The recent trends in the economy have certainly affected the real estate market. Hopefully many of you are paying less in rent now than you did five years ago. If you are near the end of your lease and your current landlord isn’t able or willing to negotiate with you on your new lease – you may be looking at moving into some space down the street. Prior to moving, here are some insurance tips to keep in mind:
1. Review the entire new lease with your legal advisor prior to signing – including the insurance section. Make sure your insurance carrier can provide the coverages and requirements they are requesting for an affordable premium. If not, then you may want to negotiate with your landlord prior to signing this new lease. Sometimes landlords will have high insurance limit requirements because they use the same Boiler Plate lease for you as they do for their anchor tenants. Most individual tanning salons don’t have a $5,000,000 Umbrella policy in place, but if your lease requires these high limits, then you will be legally obligated to carry the required coverages.
2. Many times during a move, tenants will have overlapping leases. You may move into your new salon on May 1, but you won’t be done with your existing lease until June 30. Prior to signing the new lease, contact your insurance agent. The new location should be added onto your policy right away. Many times, owners forget to inform their agent of new endeavors. Usually if you don’t remember to add the new location, your landlord will require proof of insurance for the new location prior to giving you the keys. If you sign the lease on a Friday and can’t get in touch with your agent until that Monday or Tuesday, try to see if your agent will back-date coverage to that Friday. Most insurance policies have a bit of a grace period where the company will be willing to back-date coverage for new locations. Similar to your previous space, the landlord will probably request to be an additional insured on your policy. As for your existing location, you don’t want to delete this location from your policy until your name is off the lease. Even though you have moved your property out of the salon, you still have liability exposure at the old location.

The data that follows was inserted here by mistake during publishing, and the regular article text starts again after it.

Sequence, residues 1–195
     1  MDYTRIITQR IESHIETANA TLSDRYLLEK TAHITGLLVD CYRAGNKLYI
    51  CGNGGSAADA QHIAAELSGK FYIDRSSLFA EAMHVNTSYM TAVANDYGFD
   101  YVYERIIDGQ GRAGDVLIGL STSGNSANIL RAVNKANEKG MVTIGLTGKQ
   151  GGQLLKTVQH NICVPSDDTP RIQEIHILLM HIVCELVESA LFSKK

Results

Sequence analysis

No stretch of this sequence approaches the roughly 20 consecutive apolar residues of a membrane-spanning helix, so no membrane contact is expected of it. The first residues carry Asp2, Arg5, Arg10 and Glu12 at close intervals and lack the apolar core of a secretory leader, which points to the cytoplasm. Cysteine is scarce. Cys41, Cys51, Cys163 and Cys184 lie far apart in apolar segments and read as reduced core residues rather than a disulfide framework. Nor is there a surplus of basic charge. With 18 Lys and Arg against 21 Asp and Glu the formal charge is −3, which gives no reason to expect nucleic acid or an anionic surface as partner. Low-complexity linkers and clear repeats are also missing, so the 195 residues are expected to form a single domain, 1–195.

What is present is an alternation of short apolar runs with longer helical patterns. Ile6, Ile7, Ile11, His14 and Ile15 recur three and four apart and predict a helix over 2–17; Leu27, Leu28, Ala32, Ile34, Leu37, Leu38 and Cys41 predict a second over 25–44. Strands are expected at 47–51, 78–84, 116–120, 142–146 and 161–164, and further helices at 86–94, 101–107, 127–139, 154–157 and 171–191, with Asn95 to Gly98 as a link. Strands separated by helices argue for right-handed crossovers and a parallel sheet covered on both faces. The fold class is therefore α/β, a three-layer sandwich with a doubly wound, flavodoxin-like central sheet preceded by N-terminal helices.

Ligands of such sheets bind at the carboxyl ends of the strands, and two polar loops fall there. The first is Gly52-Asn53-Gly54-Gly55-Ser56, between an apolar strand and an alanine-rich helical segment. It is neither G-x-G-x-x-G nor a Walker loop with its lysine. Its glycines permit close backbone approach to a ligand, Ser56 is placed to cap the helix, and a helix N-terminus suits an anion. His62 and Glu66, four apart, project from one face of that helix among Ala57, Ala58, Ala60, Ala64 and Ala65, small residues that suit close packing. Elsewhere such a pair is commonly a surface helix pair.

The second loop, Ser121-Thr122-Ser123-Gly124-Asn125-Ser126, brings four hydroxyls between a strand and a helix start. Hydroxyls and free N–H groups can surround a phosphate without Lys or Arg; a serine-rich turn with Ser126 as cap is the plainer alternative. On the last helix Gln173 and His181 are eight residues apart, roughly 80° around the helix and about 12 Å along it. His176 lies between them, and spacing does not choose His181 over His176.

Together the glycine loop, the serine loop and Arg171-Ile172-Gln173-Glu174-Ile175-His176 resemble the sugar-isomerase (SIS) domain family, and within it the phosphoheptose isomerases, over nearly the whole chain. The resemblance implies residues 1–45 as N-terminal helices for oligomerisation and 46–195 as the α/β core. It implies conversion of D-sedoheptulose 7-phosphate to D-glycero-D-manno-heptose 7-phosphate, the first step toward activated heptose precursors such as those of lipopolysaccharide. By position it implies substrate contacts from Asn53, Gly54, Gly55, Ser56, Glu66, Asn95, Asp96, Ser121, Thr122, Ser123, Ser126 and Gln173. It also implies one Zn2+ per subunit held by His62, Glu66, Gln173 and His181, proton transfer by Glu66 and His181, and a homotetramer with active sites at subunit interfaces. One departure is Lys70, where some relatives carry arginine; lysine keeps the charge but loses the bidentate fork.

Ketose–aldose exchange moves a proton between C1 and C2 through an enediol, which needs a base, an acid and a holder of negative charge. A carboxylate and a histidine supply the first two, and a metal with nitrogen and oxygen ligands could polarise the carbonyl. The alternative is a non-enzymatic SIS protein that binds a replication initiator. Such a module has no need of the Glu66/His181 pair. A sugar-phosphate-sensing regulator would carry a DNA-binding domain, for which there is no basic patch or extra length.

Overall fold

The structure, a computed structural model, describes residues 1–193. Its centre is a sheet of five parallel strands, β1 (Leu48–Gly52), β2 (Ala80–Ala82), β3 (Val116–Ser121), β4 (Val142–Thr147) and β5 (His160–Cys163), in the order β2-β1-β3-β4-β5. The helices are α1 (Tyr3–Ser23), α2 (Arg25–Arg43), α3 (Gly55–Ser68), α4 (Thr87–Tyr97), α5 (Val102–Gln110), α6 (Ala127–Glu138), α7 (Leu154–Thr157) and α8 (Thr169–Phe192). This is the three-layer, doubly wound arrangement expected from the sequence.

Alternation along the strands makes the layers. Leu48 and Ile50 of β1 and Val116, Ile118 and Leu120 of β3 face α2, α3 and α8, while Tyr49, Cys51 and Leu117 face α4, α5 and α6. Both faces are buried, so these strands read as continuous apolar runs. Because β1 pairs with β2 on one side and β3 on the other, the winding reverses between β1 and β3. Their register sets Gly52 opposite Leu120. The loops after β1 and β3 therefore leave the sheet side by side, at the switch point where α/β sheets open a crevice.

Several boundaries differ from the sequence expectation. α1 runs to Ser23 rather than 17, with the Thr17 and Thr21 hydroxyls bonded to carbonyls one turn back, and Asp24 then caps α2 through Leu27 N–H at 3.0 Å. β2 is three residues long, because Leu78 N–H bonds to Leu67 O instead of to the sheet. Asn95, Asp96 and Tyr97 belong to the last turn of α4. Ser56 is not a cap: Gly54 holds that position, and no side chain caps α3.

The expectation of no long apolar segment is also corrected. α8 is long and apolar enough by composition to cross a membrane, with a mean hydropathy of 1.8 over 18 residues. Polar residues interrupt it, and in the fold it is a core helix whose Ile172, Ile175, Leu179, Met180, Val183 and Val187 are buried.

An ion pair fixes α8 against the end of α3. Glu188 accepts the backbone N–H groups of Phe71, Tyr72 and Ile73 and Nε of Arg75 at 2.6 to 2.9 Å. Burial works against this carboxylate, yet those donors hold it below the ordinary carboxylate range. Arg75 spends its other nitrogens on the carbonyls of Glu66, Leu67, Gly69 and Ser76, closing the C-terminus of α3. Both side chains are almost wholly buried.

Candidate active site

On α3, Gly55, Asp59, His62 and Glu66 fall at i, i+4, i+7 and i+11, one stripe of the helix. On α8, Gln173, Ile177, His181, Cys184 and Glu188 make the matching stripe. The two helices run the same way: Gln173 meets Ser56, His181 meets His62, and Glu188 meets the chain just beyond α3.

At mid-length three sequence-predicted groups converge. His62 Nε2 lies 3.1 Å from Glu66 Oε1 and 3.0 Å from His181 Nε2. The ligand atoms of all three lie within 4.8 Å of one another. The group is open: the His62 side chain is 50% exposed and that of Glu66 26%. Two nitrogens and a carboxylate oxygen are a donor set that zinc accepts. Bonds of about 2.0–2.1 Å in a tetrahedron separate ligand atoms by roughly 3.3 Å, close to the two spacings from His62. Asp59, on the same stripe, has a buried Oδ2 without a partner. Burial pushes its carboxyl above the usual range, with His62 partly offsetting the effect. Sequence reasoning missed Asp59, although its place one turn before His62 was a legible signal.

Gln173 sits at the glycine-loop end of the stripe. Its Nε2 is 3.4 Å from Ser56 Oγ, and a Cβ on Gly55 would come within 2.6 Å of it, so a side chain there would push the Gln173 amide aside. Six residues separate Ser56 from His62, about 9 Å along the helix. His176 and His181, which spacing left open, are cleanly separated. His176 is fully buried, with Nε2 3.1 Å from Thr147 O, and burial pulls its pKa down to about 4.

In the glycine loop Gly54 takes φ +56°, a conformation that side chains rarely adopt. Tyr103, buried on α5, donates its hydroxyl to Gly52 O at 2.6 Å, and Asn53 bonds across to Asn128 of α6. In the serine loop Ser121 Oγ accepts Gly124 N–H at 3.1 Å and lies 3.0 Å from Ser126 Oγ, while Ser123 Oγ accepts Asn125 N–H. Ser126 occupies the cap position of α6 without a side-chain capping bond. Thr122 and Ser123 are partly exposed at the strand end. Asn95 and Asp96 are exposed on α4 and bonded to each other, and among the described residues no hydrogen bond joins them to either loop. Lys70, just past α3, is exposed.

3. When it is time to finally make the move, the moving company should be licensed, insured and bonded. Similar to working with any contractor, accidents often occur while moving. Make sure that your equipment is properly insured while in their possession and in transit. If you are doing the moving with your staff, touch base with your insurance agent to see what coverages need to be added to your policy. For a minimal premium, your insurance agent might be able to add some property-in-transit coverage. When dealing with difficult-to-move tanning equipment, this is a no-brainer.
4. When you are making all these changes, now would be a good time to review your coverages and limits with your agent. The more you tell your agent about your business model, the more they can assess your risk. This could also be a great opportunity to review different enhancements to coverages.
These are just some tips to consider prior to moving to a new location. If you have additional questions, feel free to contact our office. We would be more than happy to discuss your potential move.
Jenny Bortman is an account executive for Universal Insurance, which has been serving professionals in the indoor tanning industry since 1993. For a competitive, personalized quote or additional information about Universal’s exclusive Tanning Salon program, call 800.844.2101 or visit www.uitanning.com.